I'm going to come out and admit it: I'm not a fan of semi trucks.
I get tense whenever I need to pass one on a freeway. I hate driving along the freeway at night and seeing the headlights glaring in my rear view mirror. I don't like walking into a rest stop because I'm afraid the truckers are going to be leaning against the wall, smoking cigarettes and drinking beer, ready to rough me up.
So it's odd that I've waited until now to see Steven Spielberg's 1971 feature directorial debut, "Duel," a thriller about a mild-mannered salesman (Dennis Weaver) who cuts off a semi one day and finds himself terrorized by the driver.
That's pretty much all you get for a plot description--David Mann is driving out to a sales call when he passes a slow moving semi and then, for the next 90 minutes, it's a game of cat and mouse as the semi driver first toys around with David and then reveals that he may actually have murder on his mind. That's it; just Mann escaping a bloodthirsty semi driver. No wife to save or hidden conspiracies, ala "Breakdown" and no final act that mixes up the modes of transportation like "Speed." Just a man (or Mann) and his red Valiant against a dirty, beat up, smoke belching semi truck. The result is a visceral thrillride that's worth a look simply to see how Spielberg's talent was evident even with this first film.
Watching it tonight, I was reminded how much I hate CGI car chases. I know a lot of people loved the most recent "Fast and Furious," but I loathed the computer-generated car chases. Yes, the digital effects make it look like the cars can go really fast through impossible situations. But there's something about the use of practical effects and stunts that adds another layer of intensity (want more evidence? The last 20 minutes of "Death Proof" beat anything in the "Fast and Furious" franchise). When we see Mann's car take a tight turn at a high speed and then swerve to right itself, our stomachs clench up a little bit. When the semi plows through a phone booth, we know that it was a stunt man who dove out of the way of the oncoming truck but there's still more danger in that shot than in simply creating the car out of nothing. Probably 60 of the film's 90 minutes are dedicated to high speed car chases and it's a pleasant surprise to see just how tense and nerve-wracking they still are after all these years.
Even in his first film, Spielberg's trademarks are evident. There's the suburban family at the background as Mann calls his wife to apologize for a fight the night before. There's the use of close-ups on rear view mirrors and car windows. There's the unseen villain, a template Spielberg would perfect just four years later with "Jaws"--and, indeed, there is a case to make for calling this film "Jaws with a truck," as both films share a raw, primal power.
Even though this is largely a one-man show, Spielberg ably gets us into Mann's head. After an early encounter with the truck, Mann finds himself in a cafeteria looking for the bathroom so he can regain his composure. Spielberg tracks him through the cafe in an unbroken, handheld shot; I love the way the shot's shakiness helps us share in Mann's paranoia, and there's a great punchline to the shot when it ends back at the cafe window, staring at the truck that has mysteriously reappeared. Less successful are some of the voice overs that try and get us into Mann's head--yes, the early line about how the event is "shaking loose whatever held you into place" is well written. But voice over as a rule is a sloppy device and it tends to spoon-feed us information that Weaver's competent performance should have made apparent.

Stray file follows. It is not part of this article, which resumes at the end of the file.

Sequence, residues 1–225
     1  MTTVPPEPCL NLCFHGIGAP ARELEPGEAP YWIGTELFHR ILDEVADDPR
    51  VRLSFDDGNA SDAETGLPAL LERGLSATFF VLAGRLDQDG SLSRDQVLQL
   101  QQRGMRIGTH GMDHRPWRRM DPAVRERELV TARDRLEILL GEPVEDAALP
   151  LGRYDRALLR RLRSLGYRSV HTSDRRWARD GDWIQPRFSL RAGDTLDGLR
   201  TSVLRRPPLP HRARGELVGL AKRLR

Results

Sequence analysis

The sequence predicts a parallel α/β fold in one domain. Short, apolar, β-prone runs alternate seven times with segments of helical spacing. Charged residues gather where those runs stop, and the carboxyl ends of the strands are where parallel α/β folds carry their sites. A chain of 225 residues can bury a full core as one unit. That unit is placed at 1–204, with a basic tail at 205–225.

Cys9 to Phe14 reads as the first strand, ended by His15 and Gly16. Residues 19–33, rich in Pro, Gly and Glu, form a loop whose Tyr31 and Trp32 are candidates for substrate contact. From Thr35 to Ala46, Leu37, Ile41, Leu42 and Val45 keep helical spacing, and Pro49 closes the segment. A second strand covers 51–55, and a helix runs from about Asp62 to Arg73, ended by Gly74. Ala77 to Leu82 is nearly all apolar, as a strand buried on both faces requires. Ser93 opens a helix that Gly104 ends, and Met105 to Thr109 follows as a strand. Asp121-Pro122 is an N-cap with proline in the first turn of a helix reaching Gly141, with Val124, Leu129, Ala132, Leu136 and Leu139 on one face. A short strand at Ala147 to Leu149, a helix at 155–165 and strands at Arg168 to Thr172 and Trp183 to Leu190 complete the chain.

Weaver's performance is crucial in adding an element of psychological thriller to "Duel." Mann starts the film as a composed, somewhat confident salesman, proud of his clean car and nicely-groomed, probably a little cocky on the road. As the truck causes him to become unraveled, he begins accosting strangers at the cafeteria and his attempts to help a school bus make him look deranged. At the end he's a nervous wreck, his voice shaking and high. In the end he's a bundle of nerves, alternating between exhilarated victory and breaking down in terrified tears.
In a way, "Duel" is less about Mann's encounter with a truck and more about his struggle with emasculation. One of the things that intimidates me about truckers is that they often seem to be more like "real men" than I am. I'm polished up in my suit and tie, living a safe and comfortable existence. They're out on the road, caked in grease and grime, working long hours and late nights away from home. They're rougher and tougher, while the rest of us often can feel a bit more fragile and weak.
In many ways, that's the plight Mann finds himself in. The film opens with Mann listening to a talk radio show where a caller is concerned about filling in his census form as "head of the house" because he feels that's the position his wife's taken. When Mann stops for gas and the clerk tosses off a "you're the boss," Mann snaps back with "not at my house." And when he calls to apologize to his wife, it's because he didn't stand up for her when a friend was making an advance at a party. And then, this timid, well-groomed and mild-mannered salesman finds his existence threatened by an unflappable force that stalks him with an almost supernatural determination. When he tries to help out a busload of kids and his car gets stuck, the camera lingers on them laughing at him and making faces. I don't even think I have to bring up that Mann drives a tiny red Valiant and the shot's of the semi truck emphasize its large size.
The psychological undertones of "Duel" are interesting, but at heart this was simply a great chance for Spielberg to show his skills at engaging audiences and delivering heart-stopping set pieces. A surprisingly solid debut for a young director who went on to become Hollywood's biggest name.